Wednesday night. 1:37 a.m. Until 1:34, I had been staring at the ceiling and listening to the meth addicts upstairs vacuum for what must be the thirteenth time this week. Oh, what I would trade for lethargic, pot-smoking Pacific Northwest neighbors who passed out at 8:00! But it wasn’t the vacuumeths that woke me. And sadly, it wasn’t the beeping of my phone, alerting me to a middle-of-the-night text-message from Matthew McConnaughey, who’d be the only person I’d pick up for. My sleeplessness was a severe case of test anxiety: on Wednesday morning, I turned in a rough draft of the outline of my first Veronica Mars episode, “Blast from the Past,” which I was co-writing with Phil Klemmer. I lay awake all night imagining the margins filled with red-penciled remarks like “this sucks,” and “WTFWYT?”
When I got to work, the outline had not been returned to me. Rob called me and Phil. “Belben. Klemmer. The Champagne Room.” I followed Phil into Rob’s office.
“What’s up? Did you get your nipples pierced?” I joked.
“No,” Rob said seriously. “I want to show you the empty spot on my desk where your outline should be.”
I froze. “It’s almost done,” I stammered. “I gave a draft--”
Rob laughed. “I’m just giving you shit,” he said, and proceeded to play a video for a band he wanted to use on the show.
But the pressure wasn’t off. When I finally did get the outline turned in later that day, and skipped out the door for a relaxing night on my saggy IKEA sofa, I’d been home and halfway through a cold post-work beer when the phone rang.
“Cathy? It’s Rob. Do you have a minute?”
Immediate oh fuck sensation—the blue-lights-in-the-rearview-mirror, “SEE ME” on the English final, “We need to talk,” sensation. The boss was calling me at home. The only time a boss had ever called me at home was when someone died. Rob didn’t sound sad. He sounded scoldy.
I gulped at my beer. “Um, yeah.”
“I just read your outline,” he said. “You can’t just change the story that we agreed on in the room.” He pointed out that an entire scene was missing—a series of beats that we’d mapped out in the room that somehow hadn’t made into my outline.
Fucking Diane, I thought. She’d seen my outline before I turned it in. Jesus, she’d insisted that I show it to her. And somehow, remarkably, she’d managed to catch a couple of formatting errors and reword a few sentences, but she hadn’t noticed an entire scene was missing? I was frustrated—was it sabotage or just a misunderstanding? I took another gulp of beer. Probably sabotage.
I hadn’t consciously changed anything, I told Rob. “I can barely talk at the writers’ table—I’m going to have the guts to change the storyline?” I’d just gotten confused, I told him, about what we’d finally decided to include (we’d talked through about 87 versions in 6 days). I left out the part about how Diane and I had gone over my outline before I turned it in to him, and how she hadn’t pointed out the missing scene. I didn’t mention that the writers’ assistant’s notes for the day had been incomplete. Instead, I made a funny joke about blowjobs, hung up, and revised the outline.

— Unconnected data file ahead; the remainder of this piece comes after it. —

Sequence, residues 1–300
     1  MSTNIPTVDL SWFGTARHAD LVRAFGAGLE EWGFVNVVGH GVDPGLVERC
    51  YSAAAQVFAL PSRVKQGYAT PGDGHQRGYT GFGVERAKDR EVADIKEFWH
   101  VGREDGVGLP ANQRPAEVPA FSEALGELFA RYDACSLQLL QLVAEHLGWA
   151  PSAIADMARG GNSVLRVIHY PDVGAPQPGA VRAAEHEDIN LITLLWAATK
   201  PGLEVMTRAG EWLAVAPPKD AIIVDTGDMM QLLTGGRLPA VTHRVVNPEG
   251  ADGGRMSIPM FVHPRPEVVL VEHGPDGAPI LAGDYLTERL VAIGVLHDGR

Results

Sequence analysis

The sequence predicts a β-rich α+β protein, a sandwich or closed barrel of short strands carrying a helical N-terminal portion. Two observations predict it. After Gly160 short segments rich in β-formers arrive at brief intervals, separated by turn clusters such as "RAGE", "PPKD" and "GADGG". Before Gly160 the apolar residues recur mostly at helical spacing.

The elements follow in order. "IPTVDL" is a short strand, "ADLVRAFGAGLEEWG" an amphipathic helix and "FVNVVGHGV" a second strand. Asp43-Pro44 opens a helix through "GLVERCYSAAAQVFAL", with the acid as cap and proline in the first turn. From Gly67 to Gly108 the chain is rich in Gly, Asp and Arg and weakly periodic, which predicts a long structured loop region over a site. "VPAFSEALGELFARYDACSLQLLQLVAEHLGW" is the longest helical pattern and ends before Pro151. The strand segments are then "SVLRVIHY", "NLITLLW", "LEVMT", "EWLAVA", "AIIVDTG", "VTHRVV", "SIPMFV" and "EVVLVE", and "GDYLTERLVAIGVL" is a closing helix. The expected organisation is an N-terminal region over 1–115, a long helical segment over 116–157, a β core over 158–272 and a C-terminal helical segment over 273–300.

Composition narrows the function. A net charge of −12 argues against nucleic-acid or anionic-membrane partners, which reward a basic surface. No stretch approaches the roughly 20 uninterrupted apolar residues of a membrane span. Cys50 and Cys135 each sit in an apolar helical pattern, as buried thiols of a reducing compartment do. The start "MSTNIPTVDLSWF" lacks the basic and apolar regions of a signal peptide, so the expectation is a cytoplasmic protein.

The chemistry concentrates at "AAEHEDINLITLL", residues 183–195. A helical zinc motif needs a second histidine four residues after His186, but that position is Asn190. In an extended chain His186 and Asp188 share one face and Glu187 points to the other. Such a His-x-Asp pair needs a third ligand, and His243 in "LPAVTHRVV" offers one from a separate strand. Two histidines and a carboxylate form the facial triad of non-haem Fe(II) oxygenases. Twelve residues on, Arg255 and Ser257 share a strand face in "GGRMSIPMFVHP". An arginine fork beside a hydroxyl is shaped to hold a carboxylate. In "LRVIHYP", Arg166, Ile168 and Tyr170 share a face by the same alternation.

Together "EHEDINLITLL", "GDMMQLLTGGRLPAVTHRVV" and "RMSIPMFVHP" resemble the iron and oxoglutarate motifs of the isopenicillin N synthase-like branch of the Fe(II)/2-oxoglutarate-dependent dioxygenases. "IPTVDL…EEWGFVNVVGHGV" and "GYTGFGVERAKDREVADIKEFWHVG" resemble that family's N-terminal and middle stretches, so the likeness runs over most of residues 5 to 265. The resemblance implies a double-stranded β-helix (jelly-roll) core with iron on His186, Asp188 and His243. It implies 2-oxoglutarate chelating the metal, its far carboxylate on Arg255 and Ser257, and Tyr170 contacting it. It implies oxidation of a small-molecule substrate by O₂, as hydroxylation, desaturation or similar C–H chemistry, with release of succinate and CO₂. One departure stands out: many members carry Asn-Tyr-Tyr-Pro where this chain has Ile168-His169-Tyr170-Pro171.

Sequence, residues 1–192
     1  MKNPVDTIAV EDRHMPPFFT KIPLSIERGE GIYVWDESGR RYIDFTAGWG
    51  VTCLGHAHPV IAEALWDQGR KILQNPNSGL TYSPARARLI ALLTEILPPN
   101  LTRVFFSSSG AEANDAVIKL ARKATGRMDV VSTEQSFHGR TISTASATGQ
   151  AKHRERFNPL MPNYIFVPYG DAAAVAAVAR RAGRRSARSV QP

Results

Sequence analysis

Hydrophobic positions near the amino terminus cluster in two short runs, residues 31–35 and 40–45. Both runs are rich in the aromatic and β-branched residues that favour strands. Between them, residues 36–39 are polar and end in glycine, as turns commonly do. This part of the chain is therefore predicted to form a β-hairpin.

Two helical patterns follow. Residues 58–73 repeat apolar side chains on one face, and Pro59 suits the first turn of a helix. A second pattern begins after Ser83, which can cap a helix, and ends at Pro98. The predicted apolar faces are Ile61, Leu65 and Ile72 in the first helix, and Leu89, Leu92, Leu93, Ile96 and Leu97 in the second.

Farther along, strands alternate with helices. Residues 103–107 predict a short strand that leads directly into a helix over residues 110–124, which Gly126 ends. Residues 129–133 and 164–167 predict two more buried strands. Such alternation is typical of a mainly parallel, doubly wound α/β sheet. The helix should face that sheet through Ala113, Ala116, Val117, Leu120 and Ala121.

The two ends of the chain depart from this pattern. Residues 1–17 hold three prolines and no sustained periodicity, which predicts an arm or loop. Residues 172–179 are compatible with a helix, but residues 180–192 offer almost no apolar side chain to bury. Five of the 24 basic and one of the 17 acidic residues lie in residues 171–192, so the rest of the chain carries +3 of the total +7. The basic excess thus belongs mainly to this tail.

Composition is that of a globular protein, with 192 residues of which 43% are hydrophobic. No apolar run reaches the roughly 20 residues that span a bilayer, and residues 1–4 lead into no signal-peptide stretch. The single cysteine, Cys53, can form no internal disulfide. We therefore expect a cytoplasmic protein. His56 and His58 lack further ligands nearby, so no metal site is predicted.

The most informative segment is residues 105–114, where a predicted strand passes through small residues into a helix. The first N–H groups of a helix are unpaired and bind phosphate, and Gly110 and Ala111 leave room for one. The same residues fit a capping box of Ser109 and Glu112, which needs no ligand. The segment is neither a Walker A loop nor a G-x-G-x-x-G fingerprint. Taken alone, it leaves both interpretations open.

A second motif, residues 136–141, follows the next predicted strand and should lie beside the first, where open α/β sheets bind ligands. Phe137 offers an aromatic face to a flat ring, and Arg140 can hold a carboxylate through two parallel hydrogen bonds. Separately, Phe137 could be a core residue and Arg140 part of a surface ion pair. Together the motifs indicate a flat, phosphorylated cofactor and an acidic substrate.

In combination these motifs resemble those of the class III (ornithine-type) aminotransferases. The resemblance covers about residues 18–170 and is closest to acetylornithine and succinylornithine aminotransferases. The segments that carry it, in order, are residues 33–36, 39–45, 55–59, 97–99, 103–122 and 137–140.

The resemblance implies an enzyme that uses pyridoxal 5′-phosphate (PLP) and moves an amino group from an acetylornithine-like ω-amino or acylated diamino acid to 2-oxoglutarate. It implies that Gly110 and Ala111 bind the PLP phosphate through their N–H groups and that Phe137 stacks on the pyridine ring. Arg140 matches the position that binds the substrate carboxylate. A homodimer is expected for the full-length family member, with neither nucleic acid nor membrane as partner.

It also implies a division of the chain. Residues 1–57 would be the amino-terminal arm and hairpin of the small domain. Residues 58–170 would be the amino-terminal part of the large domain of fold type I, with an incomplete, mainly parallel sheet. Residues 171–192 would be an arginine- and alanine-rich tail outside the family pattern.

Writing a script is incredibly different than the type of writing I’m accustomed to. When I write short stories or articles, I’m the Rob Thomas of my own little universe: I get to pick the topic, the words, and the structure. Here, we start as a group. When it’s time to break a story—meaning that at least three of us aren’t assigned to a script and there’s a deadline looming, Rob rounds us up (usually by shouting, “Coffee up, motherfuckers!”_ and we trickle into The Room to toss around around A-story ideas, figure out where we need to go with various subplots, and determine which characters (i.e. actors) we can include in the episode.
Once we eliminate the ridiculous and the banal and agree on an A-story, we hammer out the beats together. This can take a week, depending on how complicated the story is and how many technical glitches we have to work out. A bottle episode—one that is filmed entirely on our sets in San Diego to save money—limits the plot. All of the action has to take place at the Mars’ apartment, Neptune High, Keith Mars’ office, the sheriff’s department, or Java the Hut, where Veronica works. This sounds like a wide range of locations, unless the plot calls for Veronica to track a missing classmate to a Bajama resort.